Drink driving is a serious offence. It is also an offence if you refuse to take a breath test. Penalties can include loss of licence, fines, prison terms and a requirement to install an alcohol interlock device.
As part of the Road Safety Plan 2021, penalties were strengthened to further deter drink driving and reduce alcohol related trauma on NSW roads. Changes include:
- Swift and certain loss of licence for lower-range offenders (from 20 May 2019)
- New alcohol interlock laws for mid-range offenders
- Vehicle sanctions for high-risk drink drivers
- A new combined drink and drug driving offence
Importantly, since 20 May 2019, if you are caught drink driving over the legal limit in NSW, even if it’s a first-time or low-range offence, police may suspend your licence immediately – because drink driving has no place on our roads.
Further information about offences and current penalties for different drink-driving offences can be found on the Transport for NSW website.
Swift and certain loss of licence for lower-range offences
Since 20 May 2019, a streamlined process that delivers swift and certain penalties applies to drivers who commit a first-time, lower-range drink-driving offence (which can include low, special and novice range drink-driving offences).
Drivers who commit a lower-range drink-driving offence for the first time will have their licence suspended immediately, effective for three months. This will be coupled with a significant fine (currently $587).
Further information about the drink driving reforms for low range offences can be found on the Transport for NSW website.
Similar changes are also being implemented to simplify and improve the certainty of penalties for first-time offences involving drugs and driving.
New alcohol interlock laws for mid-range offenders
An interlock is an electronic breath testing device connected to the ignition of a vehicle. It prevents the vehicle from starting if alcohol is detected. The interlock also includes a camera and takes a photograph of the person providing the breath sample to reduce the risk of a driver circumventing the program.
All drivers convicted of high-range, repeat and other serious drink-driving offences in NSW committed on or after 1 February 2015 are required to have an interlock installed.
As part of the Road Safety Plan 2021, the NSW Government expanded the interlock program so that it also applies to drivers convicted of all middle-range drink driving and driving a motor vehicle under the influence of alcohol offences committed from 3 December 2018 and high range and repeat offences.
For all offences that require a mandatory interlock, the court orders offenders to complete:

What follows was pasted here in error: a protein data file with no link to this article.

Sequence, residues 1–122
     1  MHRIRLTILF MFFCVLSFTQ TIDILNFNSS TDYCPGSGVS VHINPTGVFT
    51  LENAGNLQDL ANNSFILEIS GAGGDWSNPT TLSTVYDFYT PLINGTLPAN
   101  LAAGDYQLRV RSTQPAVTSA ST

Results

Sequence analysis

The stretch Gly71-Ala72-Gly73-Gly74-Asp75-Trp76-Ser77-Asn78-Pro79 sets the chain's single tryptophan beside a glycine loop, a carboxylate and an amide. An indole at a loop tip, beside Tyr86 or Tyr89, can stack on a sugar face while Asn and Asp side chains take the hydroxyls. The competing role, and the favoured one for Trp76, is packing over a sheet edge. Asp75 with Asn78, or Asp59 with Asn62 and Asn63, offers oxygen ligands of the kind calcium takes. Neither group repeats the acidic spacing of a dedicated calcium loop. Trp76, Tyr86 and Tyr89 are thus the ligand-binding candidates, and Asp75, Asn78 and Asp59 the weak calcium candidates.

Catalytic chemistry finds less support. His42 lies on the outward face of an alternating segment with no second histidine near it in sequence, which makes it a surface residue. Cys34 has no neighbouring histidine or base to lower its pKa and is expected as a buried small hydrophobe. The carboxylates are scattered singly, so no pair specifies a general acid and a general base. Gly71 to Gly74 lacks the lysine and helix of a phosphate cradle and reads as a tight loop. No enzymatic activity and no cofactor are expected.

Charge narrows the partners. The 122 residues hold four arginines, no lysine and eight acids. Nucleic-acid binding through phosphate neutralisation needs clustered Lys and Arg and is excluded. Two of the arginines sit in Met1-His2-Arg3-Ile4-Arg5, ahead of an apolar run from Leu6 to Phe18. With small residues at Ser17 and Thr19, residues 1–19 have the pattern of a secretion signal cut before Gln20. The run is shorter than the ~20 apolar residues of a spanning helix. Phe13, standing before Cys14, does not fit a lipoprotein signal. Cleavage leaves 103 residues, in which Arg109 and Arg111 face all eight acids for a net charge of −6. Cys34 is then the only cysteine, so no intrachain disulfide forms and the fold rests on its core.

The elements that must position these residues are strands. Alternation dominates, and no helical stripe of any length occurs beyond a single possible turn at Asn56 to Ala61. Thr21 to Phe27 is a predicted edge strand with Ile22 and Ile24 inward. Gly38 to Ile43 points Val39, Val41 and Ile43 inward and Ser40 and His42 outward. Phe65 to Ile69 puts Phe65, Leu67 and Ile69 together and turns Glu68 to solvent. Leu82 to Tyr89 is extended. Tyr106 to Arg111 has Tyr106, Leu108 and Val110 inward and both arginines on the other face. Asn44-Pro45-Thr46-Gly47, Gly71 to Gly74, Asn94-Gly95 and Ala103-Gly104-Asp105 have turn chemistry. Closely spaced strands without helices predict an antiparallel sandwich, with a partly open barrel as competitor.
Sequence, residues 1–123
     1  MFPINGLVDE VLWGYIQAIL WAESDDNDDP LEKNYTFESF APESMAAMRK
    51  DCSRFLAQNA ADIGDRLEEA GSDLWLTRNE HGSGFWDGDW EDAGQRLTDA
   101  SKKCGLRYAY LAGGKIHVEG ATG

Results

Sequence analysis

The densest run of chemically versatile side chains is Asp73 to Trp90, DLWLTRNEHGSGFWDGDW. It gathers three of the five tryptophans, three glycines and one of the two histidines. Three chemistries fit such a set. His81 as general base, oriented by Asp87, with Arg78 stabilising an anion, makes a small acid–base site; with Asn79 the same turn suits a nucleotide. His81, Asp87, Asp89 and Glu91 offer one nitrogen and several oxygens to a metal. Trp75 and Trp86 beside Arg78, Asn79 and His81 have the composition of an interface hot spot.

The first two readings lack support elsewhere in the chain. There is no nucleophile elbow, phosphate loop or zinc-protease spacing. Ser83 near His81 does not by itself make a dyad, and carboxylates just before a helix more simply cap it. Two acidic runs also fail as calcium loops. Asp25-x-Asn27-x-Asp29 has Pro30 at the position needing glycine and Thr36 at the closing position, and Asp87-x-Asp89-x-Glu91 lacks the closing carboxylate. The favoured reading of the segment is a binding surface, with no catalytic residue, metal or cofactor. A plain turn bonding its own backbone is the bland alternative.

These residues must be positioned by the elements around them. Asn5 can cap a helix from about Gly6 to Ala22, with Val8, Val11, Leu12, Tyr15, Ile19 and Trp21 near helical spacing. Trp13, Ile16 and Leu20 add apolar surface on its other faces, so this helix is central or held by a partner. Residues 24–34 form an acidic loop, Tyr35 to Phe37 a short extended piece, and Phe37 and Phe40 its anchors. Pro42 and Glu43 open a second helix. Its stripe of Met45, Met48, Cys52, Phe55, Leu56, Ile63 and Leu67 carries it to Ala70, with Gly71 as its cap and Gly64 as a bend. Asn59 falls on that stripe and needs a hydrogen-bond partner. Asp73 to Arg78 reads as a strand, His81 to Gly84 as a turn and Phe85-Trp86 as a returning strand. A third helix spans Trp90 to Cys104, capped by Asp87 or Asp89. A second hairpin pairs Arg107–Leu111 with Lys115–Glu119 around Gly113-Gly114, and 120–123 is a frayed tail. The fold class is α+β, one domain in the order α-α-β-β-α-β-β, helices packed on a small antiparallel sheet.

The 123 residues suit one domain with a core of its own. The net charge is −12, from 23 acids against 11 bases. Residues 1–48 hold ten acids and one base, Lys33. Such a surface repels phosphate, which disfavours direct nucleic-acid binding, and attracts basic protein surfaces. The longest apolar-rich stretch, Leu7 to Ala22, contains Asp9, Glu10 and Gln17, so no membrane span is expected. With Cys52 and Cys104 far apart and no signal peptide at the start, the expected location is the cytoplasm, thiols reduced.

- A licence disqualification period, and
- A period of participation in the interlock program (minimum 12 months).
The length of the licence disqualification and interlock period vary depending on the type of offence. Longer periods apply for the most serious offences.
The interlock program aims to actively prevent drink driving on NSW roads, and to reduce alcohol related crashes.
A survey of the NSW community, completed to inform the development of the Road Safety Plan 2021, found 84 per cent of people felt alcohol interlocks for drink-driving offenders were important for road safety.
The Transport for NSW website has more details about the Alcohol Interlock Program, including information for offenders, as well as medical and legal professionals.
Combined drink and drug driving offence
Since 28 June 2021 a new law introduced harsher penalties for combined drink and drug driving offences.
Research shows that the combined use of illicit drugs and alcohol increases the risk of a fatal crash by 23 times.
The combined offence is designed to deter this high risk behaviour and send a clear message to drivers that they are putting themselves and others at significant risk when mixing alcohol and drugs with driving and this behaviour will not be tolerated on NSW roads.
This new law targets those with the highest road safety risk and repeat offenders. This includes drivers who are detected with:
- a middle or high range blood alcohol concentration combined with illicit drug presence, or
- low, novice or special-range alcohol combined with illicit drug presence, if the driver has been convicted of a combined offence within the previous five years.
Tougher penalties apply for a combined offence, compared to those currently available for separate drink and illicit drug driving offences.
Penalties include increased fine levels and increased minimum disqualification periods. If the offence is a second or subsequent offence within five years, penalties are about double that of a first-time offence.
Alcohol interlocks will be mandatory for people convicted of a combined drink and drug driving offence. Vehicle sanctions may also apply.
To view the penalty framework, visit the Transport for NSW website.
Vehicle sanctions for high-risk drink drivers
Vehicle sanctions, such as impounding a driver’s vehicle, are designed to improve road safety by removing high-risk drivers from the roads immediately to prevent re-offending.
In NSW, police can confiscate number plates at the roadside or impound the vehicle if they detect a driver committing certain high-risk offences. This includes ‘hoon’ offences, such as street racing, engaging in a police pursuit or speeding by more than 45km/h over the limit.
Since 3 December 2018, as part of the Road Safety Plan 2021, the vehicle sanctions scheme also applies to repeat, high-risk drink drivers, and since 28 June 2021 also applies to combined offences where they are high range or repeat offences. Vehicle sanctions typically apply for three months.
More information on the vehicle sanctions scheme is available on the Transport for NSW website.